There’s a lot of talk about predictive analytics and big data, but people often confuse the two.
Big data refers to the mounting repository of information, whereas predictive analytics is the process that turns that data into something useful.
In other words, predictive unleashes data’s potential through algorithms that can actually learn from themselves. This can have far-reaching benefits in anything from sales acceleration to crime fighting and health care.
However, it’s not a simple process. In speaking with many different organizations and customers, I’ve found two common misunderstandings around data. Before any organization can make progress on the predictive front, it must understand:
- Proper data hygiene
- Implementation timing
1. Proper data hygiene
Complications in creating predictive models often come from dirty data. Far too many organizations think they can simply upload whatever data they have into the system and receive the perfect outcome.
That’s not how it works.
Organizations need to make sure their data is clean. That means it must be relatively error-free. If data is duplicated, inaccurate or outdated, it’s not going to give you accurate results.
In other words, garbage in means garbage out.
To help improve your data and ensure it’s ready to fuel a predictive engine, you must scrub it. That means amending or removing data in a database that is incorrect, incomplete, improperly formatted or duplicated.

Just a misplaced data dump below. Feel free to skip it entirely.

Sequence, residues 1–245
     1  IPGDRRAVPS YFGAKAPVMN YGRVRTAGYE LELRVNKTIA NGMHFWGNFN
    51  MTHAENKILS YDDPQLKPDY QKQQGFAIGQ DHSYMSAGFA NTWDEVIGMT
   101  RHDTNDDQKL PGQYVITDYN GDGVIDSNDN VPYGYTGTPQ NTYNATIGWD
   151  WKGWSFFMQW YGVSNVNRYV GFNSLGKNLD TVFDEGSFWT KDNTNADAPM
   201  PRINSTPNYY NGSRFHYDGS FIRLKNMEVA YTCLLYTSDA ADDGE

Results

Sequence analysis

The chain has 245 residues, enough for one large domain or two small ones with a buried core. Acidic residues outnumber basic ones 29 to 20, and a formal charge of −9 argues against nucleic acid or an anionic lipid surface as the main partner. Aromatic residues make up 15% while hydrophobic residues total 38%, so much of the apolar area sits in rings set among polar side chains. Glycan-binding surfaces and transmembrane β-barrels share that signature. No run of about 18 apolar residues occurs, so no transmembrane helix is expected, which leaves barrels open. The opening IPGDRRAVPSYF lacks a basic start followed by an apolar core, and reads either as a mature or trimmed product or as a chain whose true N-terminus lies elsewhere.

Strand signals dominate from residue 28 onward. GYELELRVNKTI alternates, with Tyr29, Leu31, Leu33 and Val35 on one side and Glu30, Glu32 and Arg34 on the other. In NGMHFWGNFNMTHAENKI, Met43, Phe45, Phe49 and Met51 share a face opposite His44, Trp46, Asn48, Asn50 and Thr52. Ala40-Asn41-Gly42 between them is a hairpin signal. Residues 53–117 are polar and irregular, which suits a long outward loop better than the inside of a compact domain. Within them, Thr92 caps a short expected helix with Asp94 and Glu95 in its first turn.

Typically, this process involves updating records to create a single view of the data, even if it is stored in disparate systems.
2. Time to implement
In their eagerness to adopt predictive solutions, organizations often misjudge how quickly things will be up and running.
There are no microwaveable dinners when it comes to building predictive models. You can’t push a few buttons and expect a ready-to-eat meal in less than a few minutes.
I often have to help temper customer expectations when it comes to predictive solutions, helping them understand that this process takes time.
Organizations should plan for an implementation that can range from several weeks to several months. They must also constantly build and retrain their models with additional information to refine them and ensure they are working properly.
Start with strategy
The key is to have a well-thought-out data strategy.
Start by asking yourself what are the areas of your business where you can gain the most meaningful insights.
Through its Predictive Cloud, InsideSales.com has positioned itself to help organizations develop and build their data strategy.
The Predictive Cloud represents the evolution of big data applications for businesses, allowing companies to realize the full potential of predictive technologies in their own applications, business processes and sales practices.
To learn how predictive analytics can increase your sales success, download this free ebook.
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